I was on the train to TLV when the woman with the sunglasses and two large suitcases asked me if I spoke English.

“Sure,” I told her.

“Could you perhaps watch my bags?” she said. “I have to use the sherutim.”

I know it well – the mixing, the blending of languages. When you take words from one language and add another, we do it a lot here — “I need to go to the makolet to buy bread and halav.” “Maybe you could stop acting like such a Ben Zonah.”

That sort of thing.

It means she’s half in one place and half in another. It means that she’s a mermaid.

She came back from the bathroom, and asked if I knew where she should transfer if she wants to go to Netanya.

(Suddenly, I’m the expert?)

“Oh, you want to transfer in two stations at Haganah – just check the screen for which platform you’ll need.”

“How come your English is so good?” she asked.

“I’m from LA,” I answered. “Where are you from?”

“I’m from France. When did you come here?”

“Seven years ago – what about you?”

“Two.”

There were two old women across the aisle from us – snow haired, and soft around the edges, faces webbed in wrinkles.

“Do you speak German?” one of them asked me in Hebrew.

“No, sorry – but I speak English and Hebrew.”

“What about Russian? My friend here just came from Russia, but she’s from Germany. No English. No Hebrew. But maybe you can help her get to Netanya?”

“I’m going to Netanya,” the French woman said in English. And then: “I speak a little German,” she said in German to the woman across the aisle.

The matter settled, we rode together.

“Do you love it here?” the French woman asked me.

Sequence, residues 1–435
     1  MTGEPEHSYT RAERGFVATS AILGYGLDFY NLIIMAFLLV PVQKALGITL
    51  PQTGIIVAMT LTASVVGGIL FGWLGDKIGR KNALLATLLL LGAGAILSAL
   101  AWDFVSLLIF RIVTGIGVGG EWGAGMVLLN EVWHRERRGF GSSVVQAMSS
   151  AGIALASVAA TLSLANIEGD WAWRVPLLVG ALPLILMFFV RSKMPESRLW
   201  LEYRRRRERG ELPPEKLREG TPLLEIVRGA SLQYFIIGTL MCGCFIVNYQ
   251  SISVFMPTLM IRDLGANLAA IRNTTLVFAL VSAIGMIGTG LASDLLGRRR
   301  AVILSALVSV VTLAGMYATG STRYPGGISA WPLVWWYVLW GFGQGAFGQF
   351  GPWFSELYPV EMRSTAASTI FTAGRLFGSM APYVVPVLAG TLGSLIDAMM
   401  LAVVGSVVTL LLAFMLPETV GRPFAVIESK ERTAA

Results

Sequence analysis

“Yes, even when I can’t stand it. Do you?”

“Oui. How do you say… it’s all about the experience, finally being free to be Jewish.”

“Was it hard in France being Jewish?” I asked.

“It’s very hard right now, it’s very scary. The French do not like us, the Muslims from the other places do not like us, no one likes us. But here, we have a place that is ours. Here we are free. What was it like in LA?”

“In LA, if you WEREN’T Jewish, you pretended you were. I had this friend who was born in Mexico – completely Catholic – whose ring tone on his cell phone was Hava Nagilla, which kind of sums it up, I guess.”

“Ze lo kacha in France. It isn’t this way at all. If you are jewish, you hide it. You don’t wear your star, or your kipa, and you don’t have Hava Nagilla on your cell phone.”

We pulled into Haganah station.

“This is where you transfer,” I told her.

The French woman said something to the German woman, and she gathered her things, and the two got off the train in step, step by step, toward the escalator, together.

“Where are you from?” I asked the woman who had been sitting with the German woman.

“I’m Czech,” she said in Hebrew. I came here forty years ago already, Baruch Hashem.”

“You must have seen a lot of changes,” I said.

“I have,” she said. “But one thing’s stayed the same. If you’re Jewish, no matter what, this place will take you in. You’re from LA where it isn’t hard or scary, but I’m from somewhere else where it was hard and scary. And so is that woman from France, and so is that woman from Germany. And Israel is a blessing, and we must never forget that.”

And I won’t.